Seniors today seem to be analyzing retirement communities like high school seniors analyze colleges.

Both are looking for new educational opportunities and quality fitness facilities, to say nothing of the cuisine.

“For [chronological] seniors, the physical aspect is top of mind,” says Lizz Stephens, vice president of business development for Christian Village Communities in Mason and Mt. Healthy.

She says on tours of retirement communities, seniors seem to be asking themselves, “If I move here, what does this community offer?”

An emerging trend among those moving into retirement homes is their appetite for educational and social opportunities, Stephens adds.

“They’re not anticipating to sit at home—they want to keep evolving and growing as a person,” she says.

Christian Village Communities recognized this interest and has responded by offering programming to satisfy all aspects of senior wellness.

“We are making significant investments to enhance our fitness and wellness programs for our residents,” says Larry Monroe, president and CEO of

Christian Village Communities.

“The statistics are clear; as we age, wellness and fitness becomes a major contributing factor supporting longevity and quality of life, andincreased

 strength improves flexibility and mobility.

“It also reduces our propensity for falls,” he adds. “I recently read that seniors over the age of 80 who fall with a resulting fracture have a 65

percent greater chance of dying within the 12 months following the fall. At CVC we believe that investing in fitness and wellness is an investment in the lives of our residents.”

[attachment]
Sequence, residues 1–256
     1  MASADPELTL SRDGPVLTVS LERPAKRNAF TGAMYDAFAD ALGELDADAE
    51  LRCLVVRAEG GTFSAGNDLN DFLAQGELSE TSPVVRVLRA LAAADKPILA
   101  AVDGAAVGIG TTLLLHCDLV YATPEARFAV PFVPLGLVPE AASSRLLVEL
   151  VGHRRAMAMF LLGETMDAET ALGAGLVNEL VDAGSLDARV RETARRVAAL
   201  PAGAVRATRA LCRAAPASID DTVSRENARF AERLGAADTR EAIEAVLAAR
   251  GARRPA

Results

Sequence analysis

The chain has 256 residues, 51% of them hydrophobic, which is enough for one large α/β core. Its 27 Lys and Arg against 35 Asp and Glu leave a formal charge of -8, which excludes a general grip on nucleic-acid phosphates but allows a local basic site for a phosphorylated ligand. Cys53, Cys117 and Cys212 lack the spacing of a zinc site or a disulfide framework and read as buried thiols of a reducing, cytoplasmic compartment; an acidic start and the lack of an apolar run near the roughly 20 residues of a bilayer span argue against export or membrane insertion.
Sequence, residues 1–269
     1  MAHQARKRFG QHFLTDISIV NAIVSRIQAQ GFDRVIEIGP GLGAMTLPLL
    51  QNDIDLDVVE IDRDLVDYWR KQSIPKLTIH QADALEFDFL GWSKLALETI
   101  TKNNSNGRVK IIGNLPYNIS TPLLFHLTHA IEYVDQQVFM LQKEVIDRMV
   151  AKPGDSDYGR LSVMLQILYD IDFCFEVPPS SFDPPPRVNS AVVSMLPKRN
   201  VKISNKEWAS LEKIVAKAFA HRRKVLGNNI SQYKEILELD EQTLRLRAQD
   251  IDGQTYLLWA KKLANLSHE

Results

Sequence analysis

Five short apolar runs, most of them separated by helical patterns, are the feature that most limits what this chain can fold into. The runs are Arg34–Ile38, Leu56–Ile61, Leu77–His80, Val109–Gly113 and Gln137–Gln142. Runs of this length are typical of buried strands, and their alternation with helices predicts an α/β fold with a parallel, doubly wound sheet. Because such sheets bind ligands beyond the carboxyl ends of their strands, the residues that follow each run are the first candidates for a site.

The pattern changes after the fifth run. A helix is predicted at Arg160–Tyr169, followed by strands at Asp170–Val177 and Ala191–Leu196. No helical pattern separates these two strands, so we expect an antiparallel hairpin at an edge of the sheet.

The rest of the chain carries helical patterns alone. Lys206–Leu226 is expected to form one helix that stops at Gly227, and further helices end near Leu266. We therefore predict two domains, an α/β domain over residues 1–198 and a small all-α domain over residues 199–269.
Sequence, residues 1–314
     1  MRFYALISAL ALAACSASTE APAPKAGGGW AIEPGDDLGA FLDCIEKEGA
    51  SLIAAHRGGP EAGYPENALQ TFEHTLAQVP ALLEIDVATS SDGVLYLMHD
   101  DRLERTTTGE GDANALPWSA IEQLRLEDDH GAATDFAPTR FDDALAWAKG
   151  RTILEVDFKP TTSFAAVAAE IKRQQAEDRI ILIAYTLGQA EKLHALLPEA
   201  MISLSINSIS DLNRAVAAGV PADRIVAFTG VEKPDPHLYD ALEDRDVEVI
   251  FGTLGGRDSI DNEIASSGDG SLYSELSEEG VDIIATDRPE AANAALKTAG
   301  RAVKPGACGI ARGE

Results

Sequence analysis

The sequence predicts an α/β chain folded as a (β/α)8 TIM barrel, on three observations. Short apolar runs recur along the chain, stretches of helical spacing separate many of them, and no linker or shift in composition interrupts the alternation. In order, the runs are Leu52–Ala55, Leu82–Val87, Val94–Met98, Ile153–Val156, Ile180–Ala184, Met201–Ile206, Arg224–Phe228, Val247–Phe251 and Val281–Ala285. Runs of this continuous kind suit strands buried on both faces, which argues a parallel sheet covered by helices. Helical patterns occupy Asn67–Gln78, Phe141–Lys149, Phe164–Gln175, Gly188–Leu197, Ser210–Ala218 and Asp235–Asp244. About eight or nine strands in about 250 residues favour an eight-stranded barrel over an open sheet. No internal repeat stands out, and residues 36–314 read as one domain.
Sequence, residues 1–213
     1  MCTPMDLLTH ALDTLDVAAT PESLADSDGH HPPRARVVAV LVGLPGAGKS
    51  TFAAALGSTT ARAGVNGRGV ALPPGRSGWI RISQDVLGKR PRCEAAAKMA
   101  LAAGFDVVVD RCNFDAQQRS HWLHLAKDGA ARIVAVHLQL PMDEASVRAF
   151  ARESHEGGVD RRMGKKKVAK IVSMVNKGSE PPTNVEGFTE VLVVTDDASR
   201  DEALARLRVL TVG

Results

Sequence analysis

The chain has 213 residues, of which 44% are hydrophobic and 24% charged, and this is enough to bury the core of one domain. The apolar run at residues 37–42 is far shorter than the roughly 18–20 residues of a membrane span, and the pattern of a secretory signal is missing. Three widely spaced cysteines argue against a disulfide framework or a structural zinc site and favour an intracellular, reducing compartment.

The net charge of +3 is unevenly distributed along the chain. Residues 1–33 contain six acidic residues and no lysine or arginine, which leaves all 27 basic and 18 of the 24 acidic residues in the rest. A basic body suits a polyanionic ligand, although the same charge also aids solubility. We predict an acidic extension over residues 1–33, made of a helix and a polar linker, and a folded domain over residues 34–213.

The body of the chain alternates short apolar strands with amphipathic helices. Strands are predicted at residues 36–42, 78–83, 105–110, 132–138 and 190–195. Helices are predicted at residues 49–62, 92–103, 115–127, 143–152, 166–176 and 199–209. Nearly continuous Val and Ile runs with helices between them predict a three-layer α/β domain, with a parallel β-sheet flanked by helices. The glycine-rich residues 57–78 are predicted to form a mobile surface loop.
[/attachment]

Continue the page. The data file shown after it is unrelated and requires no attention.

CVC’s Mason campus will literally bring its emphasis on physical wellness to the forefront when it relocates its athletic club to the main level and lobby of the building. There, it hosts balance and mobility classes, line dancing, and other physical pursuits.

Intergenerational friendships are an outgrowth of another offering hosted at CVC called Opening Minds through Art (OMA).

This program, from Miami University’s Scripps Gerontology Center, pairs senior residents with high school students to create art one-on-one. 

Residents can use Kool-Aid, glitter, paper towels and other found objects to make unique patterns and artwork.

OMA was founded in 2007 by Miami University professor Dr. Elizabeth Lokon, and designed to foster creative self-expression through social engagement. Now it is a nationally recognized program that provides a creative and social outlet for people who have dementia.

Christian Village Communities joins 40 other long-term care facilities across the U.S. and Canada that have implemented OMA, according to Stephens.

“OMA has been an exciting program for our residents and their families, primarily because of its life enrichment impact,” Monroe says. “It’s in direct line with our greater organization mission of guiding older adults to joyful and purposeful life experiences in a faith-filled community.”

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